Jess Elkaim is a PhD candidate in the English department at the University of Toronto. Her paper is a modified version of the first chapter of her dissertation, which analyzes representations of corpses in nineteenth-century American writings. Her research interests include critical theory, necropolitics, narratology, and media studies.
“Dark Vistas: Circles, Sketches, and The Penumbra of the Future in the Thought of W.E.B. Du Bois”
This paper considers “the sketch” for W.E.B. Du Bois as a Romantic-Tragic mode of vision that engages the conflicting temporal and spatial scales of democratic engagement. Exploring the implications of Du Bois’ recurrent and consistent attempts to self-identify his writing as “sketches”, Walters reads Du Bois with and against Ralph Emerson’s Romantic “circle,” his metaphor for enlarged/idealist vision in the poem “Circles”, as well as William James’ critical, post-transcendentalist turn away from enlarged/idealist vision (what James calls the flattened “pictures” produced via idealism and illusions of imaginative transcendence). Rejecting either a Romantic vision of natural harmony and visual-enlargement or the Tragic focus on the irreducible difference between small-scale particulars, Du Bois offers a visual grammar for democratic praxis that is tragically-utopian. A democratic vision of transcendence, here, suggests not the final achievement of a transparent plane of knowledge but, rather, an opaque engagement with the pleasurableness of difference, where the critical self is sketched and re-sketched actively through engagements with perceiving and sensing others. Sketchiness, in turn, invests people and images with potential energy that signals no guarantees but offers critical resources for kinetic pictures of possible futures.
Jake Walters is a 5th year PhD student at Cornell University focusing on African-American intellectual and cultural history. He is currently writing a dissertation, tentatively titled “Strange Twistings of Soul: Emancipatory Experimentalism, Interdisciplinary Incalculability, and the Revolutionary Unknown in the Writings of W.E.B. Du Bois”, focusing on W.E.B. Du Bois’ theories of experimentation and experimentalism in their scientific, literary, and political guises at the turn of the 20th century. His dissertation examines connections and tensions between American and black diasporic engagements with the fluctuating border of scientific truth at the turn of the century, especially its implications for thinking about democratic praxis and metaphysical notions of human togetherness that emphasize affective energies over philosophical principles. He also explores connections between ideas of experimentalism and traditions of African-American cultural and intellectual production, particularly focused on the role of narrative emplotments – Romance, Tragedy, and Comedy – in the way experimental, speculative, and/or “risky” activity is framed and understood by African-American writers.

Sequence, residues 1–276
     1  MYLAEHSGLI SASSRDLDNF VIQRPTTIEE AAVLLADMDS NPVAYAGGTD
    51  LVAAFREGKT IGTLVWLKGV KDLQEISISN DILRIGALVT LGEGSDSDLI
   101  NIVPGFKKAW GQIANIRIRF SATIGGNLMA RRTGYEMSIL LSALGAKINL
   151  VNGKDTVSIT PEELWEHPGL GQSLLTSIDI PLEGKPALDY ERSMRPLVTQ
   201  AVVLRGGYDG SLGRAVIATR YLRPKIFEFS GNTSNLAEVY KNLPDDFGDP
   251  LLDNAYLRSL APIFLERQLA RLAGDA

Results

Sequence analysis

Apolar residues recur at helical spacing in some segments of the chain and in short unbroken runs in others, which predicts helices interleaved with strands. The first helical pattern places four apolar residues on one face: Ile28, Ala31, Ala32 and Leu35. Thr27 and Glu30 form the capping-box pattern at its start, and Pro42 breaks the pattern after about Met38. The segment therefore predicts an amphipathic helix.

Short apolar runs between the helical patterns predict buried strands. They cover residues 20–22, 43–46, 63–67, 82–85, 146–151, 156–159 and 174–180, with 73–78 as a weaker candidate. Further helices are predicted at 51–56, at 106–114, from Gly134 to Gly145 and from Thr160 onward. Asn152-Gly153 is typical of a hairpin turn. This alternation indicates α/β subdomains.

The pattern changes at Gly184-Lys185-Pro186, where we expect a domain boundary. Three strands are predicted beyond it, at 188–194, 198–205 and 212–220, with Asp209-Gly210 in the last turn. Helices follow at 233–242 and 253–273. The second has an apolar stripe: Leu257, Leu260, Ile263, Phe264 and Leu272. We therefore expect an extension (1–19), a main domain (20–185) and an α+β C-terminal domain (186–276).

“Until Somebody Kills You: Transgressing Black Transcendentalism in The Autobiography of Malcolm X and Life After Death”
Malcolm X and The Notorious B.I.G. (Biggie) produced seminally revered textual artifacts that were published after their tragic assassinations thirty-two years apart: Malcolm, his autobiography co-authored by Alex Haley (1965) and Biggie, his final studio album Life After Death (1997). As the legacies of both Malcolm and Biggie’s public and cultural work reflect a social impulse to periodize Black cultural history into binary conflicts (East Coast hip-hop versus West; Malcolm’s self-determination versus Martin Luther King, Jr.’s non-violence), scholars have adamantly worked to disrupt these binaries by assessing areas of collaboration and overlap. I read both The Autobiography and Life After Death in the Black transcendentalist tradition by highlighting how these cultural products emphasize the unity of the divine and human; these texts underscore the importance of subjectivity in the configuration of Black material experience. By transgressing aesthetic and temporal boundaries to place these two texts in conversation with each other, I demonstrate American transcendentalism’s failure to accommodate the parallel subjectivities of Black American experience. I suggest that the threat of retaliatory violence in The Autobiography and inner-city violence in Life After Death frame these texts’ unique rhetorical anxieties while conterminously organizing their exploration of the interstices of justice and personal redemption as purely subjective notions. I propose that Malcolm and Biggie’s respective expressions of Black American subjectivity that manifest from the mid-1960s to the present demonstrate the need to regard the repair and reclamation of Black identity and freedom as an ongoing and incomplete process whose revision and refashioning are constantly under review by these disparate cultural modes of Black expression.
Zachary Johnson is an English PhD Candidate at Southern Methodist University.